The evolution of communication

It was not so many years ago that there were cries of dismay that the English language would be forever strangled by text talk. That’s the use of language whereby almost every word was reduced in length by eliminating vowels to save on characters, and thereby ensure that messages were less than 168 characters. Almost inevitably, the threat of demise of the English language from the dire scourge of texting has passed. Technology (and pricing plans) has moved on, and we don’t need to sideline vowels any more.

The language and communication may have dodged a bullet as texting reached it's zenith of usage, and then other forms of communication took over. Yet it is still interesting to reflect on the ways we communicate – then and now.

Gutenberg invented the  printing press in the 15th century, which enabled the mass production of books and the rapid dissemination of knowledge throughout Europe. It was a major step forward from monks having to laboriously copy all written words by hand. Or even carve them into stone tablets. At that time the printed word, i.e books, were still the preserve of the wealthy. And indeed for some hundreds of years value was measured in the number of words. Dickens was paid for writing his novels, initially as regular chapters, by the word. We paid to send telegrams by the numbers of words. Increasingly the printed word became cheaper to produce, and democratised, such that it was available to all. Years later and the result is People magazine, and letterboxes stuffed full of advertising material that goes straight to recycling.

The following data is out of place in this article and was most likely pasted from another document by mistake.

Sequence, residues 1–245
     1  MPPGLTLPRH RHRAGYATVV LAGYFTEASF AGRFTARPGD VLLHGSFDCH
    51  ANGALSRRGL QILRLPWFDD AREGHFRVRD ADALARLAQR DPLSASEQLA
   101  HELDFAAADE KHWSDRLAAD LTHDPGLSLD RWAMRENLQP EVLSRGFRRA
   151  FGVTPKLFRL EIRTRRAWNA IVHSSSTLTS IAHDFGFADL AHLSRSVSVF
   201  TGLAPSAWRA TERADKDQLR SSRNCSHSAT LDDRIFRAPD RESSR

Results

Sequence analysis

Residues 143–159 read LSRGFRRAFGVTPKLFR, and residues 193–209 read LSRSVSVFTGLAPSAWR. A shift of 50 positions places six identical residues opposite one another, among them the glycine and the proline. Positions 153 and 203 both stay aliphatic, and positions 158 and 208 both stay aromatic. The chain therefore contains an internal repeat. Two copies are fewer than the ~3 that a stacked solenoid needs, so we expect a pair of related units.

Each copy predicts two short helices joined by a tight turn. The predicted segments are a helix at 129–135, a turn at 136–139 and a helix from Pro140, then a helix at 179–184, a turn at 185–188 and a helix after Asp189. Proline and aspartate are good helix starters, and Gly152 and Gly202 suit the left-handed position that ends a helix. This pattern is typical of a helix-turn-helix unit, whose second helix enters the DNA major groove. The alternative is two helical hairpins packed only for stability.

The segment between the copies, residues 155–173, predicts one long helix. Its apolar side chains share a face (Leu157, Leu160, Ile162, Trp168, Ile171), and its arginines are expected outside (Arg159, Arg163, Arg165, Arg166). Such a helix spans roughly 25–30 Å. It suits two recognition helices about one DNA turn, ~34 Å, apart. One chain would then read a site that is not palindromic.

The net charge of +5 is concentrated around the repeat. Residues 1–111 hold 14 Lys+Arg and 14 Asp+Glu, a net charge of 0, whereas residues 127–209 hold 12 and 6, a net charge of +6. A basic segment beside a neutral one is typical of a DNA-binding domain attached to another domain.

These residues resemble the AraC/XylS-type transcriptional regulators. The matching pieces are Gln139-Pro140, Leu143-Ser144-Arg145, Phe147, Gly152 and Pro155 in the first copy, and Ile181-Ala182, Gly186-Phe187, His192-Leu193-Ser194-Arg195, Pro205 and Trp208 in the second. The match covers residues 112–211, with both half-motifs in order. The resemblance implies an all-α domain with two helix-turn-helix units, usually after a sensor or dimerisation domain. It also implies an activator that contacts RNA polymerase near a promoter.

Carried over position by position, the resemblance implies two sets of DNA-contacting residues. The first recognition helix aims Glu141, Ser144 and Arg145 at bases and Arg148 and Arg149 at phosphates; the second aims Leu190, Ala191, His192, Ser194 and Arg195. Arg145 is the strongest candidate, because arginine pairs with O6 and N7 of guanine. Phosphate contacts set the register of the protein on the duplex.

Other means of communication have evolved. We can now use the spoken word to communicate great distances at little or no expense using Skype, Facetime, or even the humble telephone. The written word is able to be transmitted by virtually everyone through a multitude of devices. And one-way communication has evolved from a priest in a pulpit, all the way to Netflix.  Some may well see that as progress.

The constant factor in measuring success of  these forms of evolved communication is that content counts. Firstly, to transmit a message it is necessary to make the effort to communicate, and secondly put the energy and thought into the quality of the communication.

And that’s a pertinent lesson.

Vendors don’t have to give agencies to agents. But when they do, there is a very reasonable expectation that agents will communicate and report. That is the quid pro quo. A vendor gives an agency to an agent to sell their property, and then pays them exceptionally well when they do. Along the way the agent is expected to regularly report progress, and keep the vendor well informed. There are many and varied forms that communication can take.

Regrettably in their busy lives, racing home to catch the latest episode of GOT etc, many agents forget this part of the deal. And then others seem to think that a TradeMe hits report is in some way adequate.

Having been around for some time, and experienced a number of economic cycles, we can reasonably predict that when the next downturn hits, around one third of the industrial agents now trying to get their name on signboards will be finding jobs in other industries.

It is interesting to note the correlation between who those agents are, and their communication skills and levels.